France's youngest post-war road race champion in 2012 and winner of 11 races in 2013, including three WorldTour successes, Nacer Bouhanni has already established himself as one of the peloton's top sprinters at the age of 23.
With a stage victory at the Etoile de Bessèges already to his credit this season, the FDJ.fr rider has said he's gone into 2014 with one goal: "To win races, some big races. I'm not looking towards any one in particular. I want to fight with the world's best sprinters. They are very strong, but not unbeatable. They have two legs, two arms, a head and a heart [just like me]," he told L'Equipe.
While his father was a cyclist first and turned to boxing when his bike broke, Bouhanni made the same trip in reverse, swapping the aggression and adrenalin highs of the ring for bunch sprints. A touch of madness is needed in both, says the Frenchman, who also acknowledges that the comparison between sprinters and football goalkeepers, who are often branded as unhinged, is a fair one.
"But it's not just a case of being mad. On the contrary, the sprint is all about making lots of tiny calculations," he said. "When I am in the final kilometre, I am only thinking of one thing and that's the finish line. I am obsessed by that and all I am thinking about is getting over it in first place."
Bouhanni reveals that his thirst for victory is the same in absolutely any race he takes part in. "When I'm training, that's all I think about. For me, there aren't any small races. I give absolutely everything all the time. I've been like that since I was small and I'm the same with any game I'm playing with friends, such as bowling. I always want to win, I love it," he said.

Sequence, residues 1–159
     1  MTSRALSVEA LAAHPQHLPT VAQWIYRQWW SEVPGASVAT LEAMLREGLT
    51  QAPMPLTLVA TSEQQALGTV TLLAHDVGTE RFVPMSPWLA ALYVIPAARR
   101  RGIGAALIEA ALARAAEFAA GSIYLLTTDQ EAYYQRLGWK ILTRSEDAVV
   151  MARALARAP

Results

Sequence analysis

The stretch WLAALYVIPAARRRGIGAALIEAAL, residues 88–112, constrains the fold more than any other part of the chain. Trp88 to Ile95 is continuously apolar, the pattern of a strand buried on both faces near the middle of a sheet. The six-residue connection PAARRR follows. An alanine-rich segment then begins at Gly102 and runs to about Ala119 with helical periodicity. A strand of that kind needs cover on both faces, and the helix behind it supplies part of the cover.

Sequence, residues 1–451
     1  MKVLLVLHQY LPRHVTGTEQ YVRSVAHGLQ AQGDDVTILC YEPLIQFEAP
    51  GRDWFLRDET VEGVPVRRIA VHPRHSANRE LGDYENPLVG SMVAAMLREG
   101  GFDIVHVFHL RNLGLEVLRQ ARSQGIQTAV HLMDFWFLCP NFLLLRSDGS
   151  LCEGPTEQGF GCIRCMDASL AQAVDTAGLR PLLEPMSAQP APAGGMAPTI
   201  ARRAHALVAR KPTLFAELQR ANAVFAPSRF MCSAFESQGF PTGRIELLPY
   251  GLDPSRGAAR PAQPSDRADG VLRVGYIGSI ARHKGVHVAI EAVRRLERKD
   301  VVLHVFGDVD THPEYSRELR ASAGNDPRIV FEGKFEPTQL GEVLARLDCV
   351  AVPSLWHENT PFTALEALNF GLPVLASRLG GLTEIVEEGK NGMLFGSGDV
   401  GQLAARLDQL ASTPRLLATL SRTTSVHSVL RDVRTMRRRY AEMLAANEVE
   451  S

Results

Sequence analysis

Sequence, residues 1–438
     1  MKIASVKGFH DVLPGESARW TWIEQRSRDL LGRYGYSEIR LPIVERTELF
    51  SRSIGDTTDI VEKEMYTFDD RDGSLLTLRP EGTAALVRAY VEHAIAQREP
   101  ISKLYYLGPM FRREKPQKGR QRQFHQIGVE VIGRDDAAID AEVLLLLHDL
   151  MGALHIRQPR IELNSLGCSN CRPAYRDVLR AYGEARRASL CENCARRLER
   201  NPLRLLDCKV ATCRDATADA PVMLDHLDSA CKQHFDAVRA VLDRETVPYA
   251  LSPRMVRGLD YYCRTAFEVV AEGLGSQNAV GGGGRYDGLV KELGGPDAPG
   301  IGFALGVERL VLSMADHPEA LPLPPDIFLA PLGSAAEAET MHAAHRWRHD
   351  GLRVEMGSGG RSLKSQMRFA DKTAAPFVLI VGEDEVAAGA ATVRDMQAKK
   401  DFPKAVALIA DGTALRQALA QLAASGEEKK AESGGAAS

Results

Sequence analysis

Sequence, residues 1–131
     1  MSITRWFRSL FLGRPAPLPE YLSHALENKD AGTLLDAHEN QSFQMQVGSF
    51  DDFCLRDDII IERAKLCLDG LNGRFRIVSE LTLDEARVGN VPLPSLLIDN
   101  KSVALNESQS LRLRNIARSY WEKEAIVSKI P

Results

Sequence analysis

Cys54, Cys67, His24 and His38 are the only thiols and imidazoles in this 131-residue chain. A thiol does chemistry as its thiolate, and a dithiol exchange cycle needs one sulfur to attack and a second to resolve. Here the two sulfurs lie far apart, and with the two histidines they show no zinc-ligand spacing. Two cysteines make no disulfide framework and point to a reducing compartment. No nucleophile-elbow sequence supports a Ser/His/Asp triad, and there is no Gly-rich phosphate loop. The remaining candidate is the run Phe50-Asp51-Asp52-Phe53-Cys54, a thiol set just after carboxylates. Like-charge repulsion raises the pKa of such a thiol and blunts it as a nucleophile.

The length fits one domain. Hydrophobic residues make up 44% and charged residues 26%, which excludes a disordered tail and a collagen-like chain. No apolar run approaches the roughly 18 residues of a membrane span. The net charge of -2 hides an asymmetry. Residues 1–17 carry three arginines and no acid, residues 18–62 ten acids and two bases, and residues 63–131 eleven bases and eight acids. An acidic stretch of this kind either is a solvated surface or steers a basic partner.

The 23-year-old confesses his drive to succeed means that he can be hard on himself and those around him. "In all honesty, I am not easy to live with. I am demanding in what I want from myself, I want everything to go well. And, at the same time, I'm very demanding with others, but I do get on well with my teammates. We've got a good understanding," said Bouhanni.
He admits it has taken him time to gain the acceptance of his sprinting peers, but now believes he has that. "You've got to have character in order to gain respect. Initially, that wasn't easy and there were some attempts to intimidate me," he said.
"You have to accept that. When you're new on the scene, you upset the big sprinters a bit. You have to fight for your place to be able to rub shoulders with them. But once they are accustomed to seeing you and you get some results, respect automatically comes as well."
After crashing out of Bessèges on stage four, Bouhanni's quest for victories will recommence at Paris-Nice, where he claimed his first WorldTour success last year.
Peter Cossins has written about professional cycling since 1993 and is a contributing editor to Procycling. He is the author of The Monuments: The Grit and the Glory of Cycling's Greatest One-Day Races (Bloomsbury, March 2014) and has translated Christophe Bassons' autobiography, A Clean Break (Bloomsbury, July 2014).
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